Honeypot: The Basics

A Cyber Security Research Dumpsite

Honeypot: The Basics

A honeypot can be either very simple or very complex depending on your goals. In “Honeypot: The Basics”, I aim to provide a basic overall understanding of honeypots.

Honeypot:  The Basics

A honeypot is an information system resource that is often used for security research. The goal of a Honeypot is to put something out there that attackers can see, and you want it to be attacked. A honeypot is a company saying: “Look at me, I’m vulnerable and full of confidential information – why don’t you attack me, instead of our real systems?”.

In other words, a honeypot is expected to be attacked and exploited. There is a whole spectrum of why you would want a honeypot, some of them would be:

  • Research Exploits
  • Find Zero-Day Exploits
  • Learn more about your actual system (if the honeypot is a copy of your actual system)
  • Learn about the types of attack that your real system is vulnerable to and how to best protect it.

A honeypot will provide the:

  • What – What did they use to attack/exploit?
  • How – How did they attack/exploit?
  • Motives – Why would they attack/exploit us?

Honeypots for Production:

Honeypot can be set up to imitate your own production environment. This will allow you to discover the vulnerabilities in your environment.

Honeypots for Research:

This type of honeypot is more focused on researching the motives of an attacker. This typically use different configurations to lure the attackers in. For example, a research to find out what type of exploits people on the internet would throw at this specific system.

 Why use Honeypots?

The use of honeypots is to draw the attackers away from the real valuable resources while the defender is able to monitor them with the security of knowing that there is nothing valuable on the machine(honeypot). The good thing about Honeypot is that the attacker wouldn’t know the defenders are monitoring them. Therefore, the defenders can take this opportunity to learn more about the hackers (what, how and motives) so that in the future you can adopt better security measures to defend your network.

Two key points to have a good and secure honeypot is:

  • Make sure it isn’t obvious that these honeypots aren’t valuable.
  • The only people that should be on the Honeypot system is the system security administrator.

Levels of Interaction

This refers to the extent to which an attacker can interact with the honeypot and underlying operating system. The more an attacker interact with the Honeypot the more information the defenders will gather from the incident. However, in order to have a high interaction Honeypot the defender would have to spend more time and resources setting it up as it would require the Honeypot to be more complex and have more in-depth features. Therefore, these self-explanatory categories are used to determine what type of Honeypot the company would like to adopt.

  • Low Interaction Honeypots.
  • Mid Interaction Honeypots.
  • High Interaction Honeypots.

Low-Interaction Honeypots:

Examples: Honeyd and Honeytokens

This is simple to install, it only provides certain fake services but it’s no real operating system that an attacker can operate on. In depth, low interaction honeypots were designed to emulated vulnerable services without having to expose the operating system. As with any interaction level, it is important to understand the history of attempted honeypot detection and evasion because it allows the defenders to improve their continued use of honeypots.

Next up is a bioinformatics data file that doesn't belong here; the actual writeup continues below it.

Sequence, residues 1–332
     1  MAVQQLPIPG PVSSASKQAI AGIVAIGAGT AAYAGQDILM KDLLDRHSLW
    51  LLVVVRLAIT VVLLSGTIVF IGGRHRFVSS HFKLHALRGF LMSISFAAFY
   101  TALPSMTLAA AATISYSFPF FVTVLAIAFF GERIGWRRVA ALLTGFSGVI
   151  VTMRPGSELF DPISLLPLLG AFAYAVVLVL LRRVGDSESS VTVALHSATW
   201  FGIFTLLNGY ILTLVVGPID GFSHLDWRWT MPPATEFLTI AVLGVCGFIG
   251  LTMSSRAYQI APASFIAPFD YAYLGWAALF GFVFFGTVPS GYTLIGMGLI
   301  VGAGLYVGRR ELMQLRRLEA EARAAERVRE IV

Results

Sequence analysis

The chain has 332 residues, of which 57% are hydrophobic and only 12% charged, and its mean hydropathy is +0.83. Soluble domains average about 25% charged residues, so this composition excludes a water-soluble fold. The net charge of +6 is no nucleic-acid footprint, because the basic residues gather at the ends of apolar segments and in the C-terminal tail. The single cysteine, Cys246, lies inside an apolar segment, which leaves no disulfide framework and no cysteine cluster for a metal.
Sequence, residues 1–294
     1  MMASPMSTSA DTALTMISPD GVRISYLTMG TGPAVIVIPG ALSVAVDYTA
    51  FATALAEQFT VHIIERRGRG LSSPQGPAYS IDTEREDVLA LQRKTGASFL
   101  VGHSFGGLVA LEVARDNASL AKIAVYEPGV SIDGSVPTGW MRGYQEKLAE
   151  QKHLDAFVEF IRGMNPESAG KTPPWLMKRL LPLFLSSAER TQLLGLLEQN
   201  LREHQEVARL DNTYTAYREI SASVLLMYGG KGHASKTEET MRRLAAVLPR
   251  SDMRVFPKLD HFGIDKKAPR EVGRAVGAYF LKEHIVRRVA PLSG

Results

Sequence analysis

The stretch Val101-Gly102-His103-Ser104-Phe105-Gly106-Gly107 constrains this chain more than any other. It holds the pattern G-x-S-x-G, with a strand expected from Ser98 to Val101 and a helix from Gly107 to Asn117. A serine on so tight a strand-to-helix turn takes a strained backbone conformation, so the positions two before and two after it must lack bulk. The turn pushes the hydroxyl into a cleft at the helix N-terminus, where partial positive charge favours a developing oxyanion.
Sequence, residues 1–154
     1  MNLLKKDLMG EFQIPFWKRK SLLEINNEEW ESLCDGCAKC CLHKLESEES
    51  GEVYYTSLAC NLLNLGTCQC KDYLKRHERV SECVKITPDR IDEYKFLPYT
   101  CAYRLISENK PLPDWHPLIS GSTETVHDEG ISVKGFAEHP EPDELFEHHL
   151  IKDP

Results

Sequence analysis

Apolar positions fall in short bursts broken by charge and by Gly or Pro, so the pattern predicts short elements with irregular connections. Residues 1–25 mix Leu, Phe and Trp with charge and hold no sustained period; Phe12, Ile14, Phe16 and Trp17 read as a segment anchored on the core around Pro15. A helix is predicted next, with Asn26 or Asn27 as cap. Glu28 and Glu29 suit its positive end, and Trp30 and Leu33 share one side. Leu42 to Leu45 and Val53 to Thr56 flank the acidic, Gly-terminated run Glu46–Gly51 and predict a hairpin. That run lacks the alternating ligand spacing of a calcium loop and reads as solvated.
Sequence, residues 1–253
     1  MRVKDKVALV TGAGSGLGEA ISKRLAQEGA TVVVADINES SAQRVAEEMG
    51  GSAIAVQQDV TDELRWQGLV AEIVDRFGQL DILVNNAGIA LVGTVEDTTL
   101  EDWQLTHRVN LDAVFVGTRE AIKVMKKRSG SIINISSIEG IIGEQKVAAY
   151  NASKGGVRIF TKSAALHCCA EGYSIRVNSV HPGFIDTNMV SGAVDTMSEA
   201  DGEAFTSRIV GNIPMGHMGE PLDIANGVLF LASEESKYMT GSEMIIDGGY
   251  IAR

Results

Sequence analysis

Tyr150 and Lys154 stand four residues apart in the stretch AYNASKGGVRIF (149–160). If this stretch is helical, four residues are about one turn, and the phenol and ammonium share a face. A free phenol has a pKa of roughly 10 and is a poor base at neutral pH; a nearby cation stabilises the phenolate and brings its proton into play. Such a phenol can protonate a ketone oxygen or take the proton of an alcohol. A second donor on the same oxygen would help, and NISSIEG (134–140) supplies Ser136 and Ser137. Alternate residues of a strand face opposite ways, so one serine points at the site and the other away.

However, a low interaction honeypot would minimize the risk and limit the information about the motives of the attacker.

A low interaction honeypot would be useful to uncover the first stage of the Cyber Kill Chain (Reconnaissance):

The Hacker Reconnaissance (Stage 1 of Cyber Kill Chain):

What do hackers want to know?

  • What OS you are running
  • Which ports are open (what services are being exposed)
  • Which computers are up and running?

If hackers have this information, they can find exploits and run them against operating systems and the servers. A great tool for sysadmin is Nmap which is also used by malicious hackers to gain deeper understanding of your system and is widely used for this reconnaissance stage.


This is a file that looks attractive from an attacker’s point of view. This file can be set up on a normal computer with restrictive access from normal users, and if someone is trying to access these files then we would know that they are doing something that they shouldn’t be doing. This type of honeypot would often be used to catch insider threat by monitoring malicious activities within the HoneyToken. There’s a research done that provides a really good example of how HoneyToken actually works:

“A bogus medical record called “John F. Kennedy” is created and loaded into the database. This medical record has no true value because there is no real patient with that name. Instead, the record is a honeytoken, an entity that has no authorized use. If any employee is looking for interesting patient data, this record will definitely stand out. If the employee attempts to access this record, you have an indication of an employee violating patient privacy.”

Source: Lance Spitzner on “Honeypots: Catching the Insider Threat”